QUINCY, Ill. (Feb. 8, 2000)—To listen to Maurice "Morry" Taylor Jr. talk, he´s a "slave" to Caterpillar Inc.—and lovin´ every minute of it.
Since signing a deal late last year to produce LSW (low-sidewall) tire and wheel assemblies for Cat´s skid-steer loaders, the Titan International Inc. president and CEO has got more work on back order than a fast-food restaurant at dinner time.
Caterpillar, the world´s largest construction equipment maker, "basically has, for this year, taken my LSW production and maxed me out," Mr. Taylor told Tire Business, sounding pretty cheery for a man who said he´s desperately trying to squeeze as much production as possible from his company´s tire factories. Two plants, in Natchez, Tenn., and Des Moines, Iowa, are laboring under long-time strikes by the United Steel Workers.
After considering licensing Titan´s patented LSW technology to a major tire manufacturer—read that Goodyear, Bridgestone/Firestone Inc. or Michelin North America Inc.—Mr. Taylor cemented the deal with Caterpillar that will put that company´s brand name on the sides of LSW skid-steer units. In turn, Cat plans to sell those LSWs in the aftermarket for fitment on other equipment makers´ skid-steer machinery.
That could mean a bonanza for Titan. At least that´s what Mr. Taylor´s counting on.
For a given 12-month period, he forecast sales of the Cat-branded LSWs could reach up to $45 million. "Caterpillar figures the aftermarket alone for just skid-steers is $250 million," he said, "and we´re the largest manufacturer of skid-steer tires in the world."
Titan also has sent LSW models to Caterpillar for testing on loaders and backhoes, he said, and recently signed an 18-month option with Deere & Co. to provide LSWs for John Deere skid-steers.
"We´re just moving up the feeding chain. All those people who worried I´d have to license (LSW) to Goodyear, Bridgestone or Michelin—well I just seemed to have found a big guy who happens to make the equipment and now is going to (take the LSWs) to the aftermarket for me," he said.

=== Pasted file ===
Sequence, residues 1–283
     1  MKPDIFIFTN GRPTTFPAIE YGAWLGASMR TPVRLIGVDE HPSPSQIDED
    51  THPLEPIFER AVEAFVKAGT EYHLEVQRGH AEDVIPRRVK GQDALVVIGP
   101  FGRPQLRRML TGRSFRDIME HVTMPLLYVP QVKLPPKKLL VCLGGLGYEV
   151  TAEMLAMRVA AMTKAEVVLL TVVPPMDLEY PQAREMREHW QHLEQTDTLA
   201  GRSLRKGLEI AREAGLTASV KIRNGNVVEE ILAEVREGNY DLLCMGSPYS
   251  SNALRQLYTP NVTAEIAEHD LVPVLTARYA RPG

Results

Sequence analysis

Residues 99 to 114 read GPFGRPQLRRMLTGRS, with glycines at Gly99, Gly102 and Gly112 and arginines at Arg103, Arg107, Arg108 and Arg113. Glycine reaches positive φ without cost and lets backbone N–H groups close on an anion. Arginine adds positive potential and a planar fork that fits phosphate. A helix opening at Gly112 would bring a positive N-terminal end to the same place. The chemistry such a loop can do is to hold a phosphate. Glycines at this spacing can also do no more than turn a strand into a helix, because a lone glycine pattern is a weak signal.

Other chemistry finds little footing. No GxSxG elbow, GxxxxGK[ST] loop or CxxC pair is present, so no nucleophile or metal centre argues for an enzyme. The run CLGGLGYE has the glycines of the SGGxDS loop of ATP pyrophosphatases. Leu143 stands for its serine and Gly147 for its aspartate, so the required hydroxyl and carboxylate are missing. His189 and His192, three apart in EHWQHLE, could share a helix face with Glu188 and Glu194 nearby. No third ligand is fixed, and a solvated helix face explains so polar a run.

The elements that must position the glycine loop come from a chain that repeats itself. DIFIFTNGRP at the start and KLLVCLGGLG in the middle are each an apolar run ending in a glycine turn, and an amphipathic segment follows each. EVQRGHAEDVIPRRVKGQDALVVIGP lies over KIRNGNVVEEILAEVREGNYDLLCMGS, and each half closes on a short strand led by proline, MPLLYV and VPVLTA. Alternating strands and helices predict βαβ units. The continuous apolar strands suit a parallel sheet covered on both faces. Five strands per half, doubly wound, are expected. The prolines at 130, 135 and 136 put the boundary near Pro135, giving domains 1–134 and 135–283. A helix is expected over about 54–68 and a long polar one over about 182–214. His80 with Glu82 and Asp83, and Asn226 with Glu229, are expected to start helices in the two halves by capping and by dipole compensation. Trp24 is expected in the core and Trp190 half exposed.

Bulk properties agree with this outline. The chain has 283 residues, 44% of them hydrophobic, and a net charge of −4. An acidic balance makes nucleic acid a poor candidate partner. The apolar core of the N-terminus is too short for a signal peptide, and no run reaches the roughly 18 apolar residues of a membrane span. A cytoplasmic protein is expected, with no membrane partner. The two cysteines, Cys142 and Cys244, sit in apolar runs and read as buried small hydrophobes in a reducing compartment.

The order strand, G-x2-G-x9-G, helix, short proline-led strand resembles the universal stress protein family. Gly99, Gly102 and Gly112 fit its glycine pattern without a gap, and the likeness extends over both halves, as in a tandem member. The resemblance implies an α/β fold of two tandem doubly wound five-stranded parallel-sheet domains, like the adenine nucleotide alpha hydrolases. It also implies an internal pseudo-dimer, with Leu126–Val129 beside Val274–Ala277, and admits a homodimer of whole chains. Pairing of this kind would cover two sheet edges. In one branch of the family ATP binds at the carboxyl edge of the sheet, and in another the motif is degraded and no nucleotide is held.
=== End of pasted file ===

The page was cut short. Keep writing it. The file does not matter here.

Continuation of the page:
"Caterpillar had us tool all the wheels for fitment on everybody´s machines," including New Holland, Deere and Case Corp. "Now we´ll just go out and gobble up as much (business) as we can."
On the farm tire front, Titan recently introduced two "eight-star radials" for large aerial sprayers, Mr. Taylor said, and just got machinery to start production on a new 1100.46.5 LSW. He called it "the baddest of the bad´´—the world´s largest radial for agricultural applications, meant to replace the duals on big four wheelers.
"We´ve tested a number of LSW prototypes, but we´re really concentrating on moving the LSW up through the skid-steer lines," he said. However, based on prototypes Titan provided to Ingersoll-Rand Co., it recently got approval for an Ingersoll-branded LSW for telescopic handlers.
Last year during an interview, Mr. Taylor said Titan was set to start producing a 53.5-inch LSW for large farm tractors that it claimed would cure "road lope," a problem that occurs when a tractor is being driven at speed on a roadway while traveling between fields. But he said testing revealed that when a tractor hit a bump, the LSW often didn´t provide enough cushion and a bent wheel flange could result.
So the company is re-sizing the model down to either 51.5 or 49.5 inches. "We´re still developing it, but every time you do that it takes six months and costs $200,000," he lamented.
One of the biggest problems Titan faces, he acknowledged, is being able to produce enough tires and LSWs to meet demand.
The company´s plants in Clinton, Tenn., and Des Moines manufacture the tire/wheel assemblies and will split production for back hoe tires, while Titan is moving its standard skid-steer tire line into Natchez and Des Moines is retooling for the Ingersoll-branded telescopic handler units.
"I´m sold out on skid-steers, I´m already making two LSW sizes for aerial lifts and still supplying back hoe samples to a number of companies," he said. "I´m making ´em as fast as I can."
Titan recently signed an original equipment contract with the U.S. Government to produce super singles for military trucks, and he said "they´re moving pretty good."
Business-wise, he predicted 2000 will be a good year for the company. "Ag won´t grow, but our percentage of it will. If the ag business had not dropped 42 percent last year, we wouldn´t have lost money—it had nothing to do with the strikes. Our wheel business got slaughtered."
Yet Mr. Taylor admitted if all the companies currently considering Titan prototypes and samples begin ordering, "I´ll be in deep (trouble), and I know it."
For now, though, he said he´s "going to be Caterpillar´s slave—they´re going to be my master."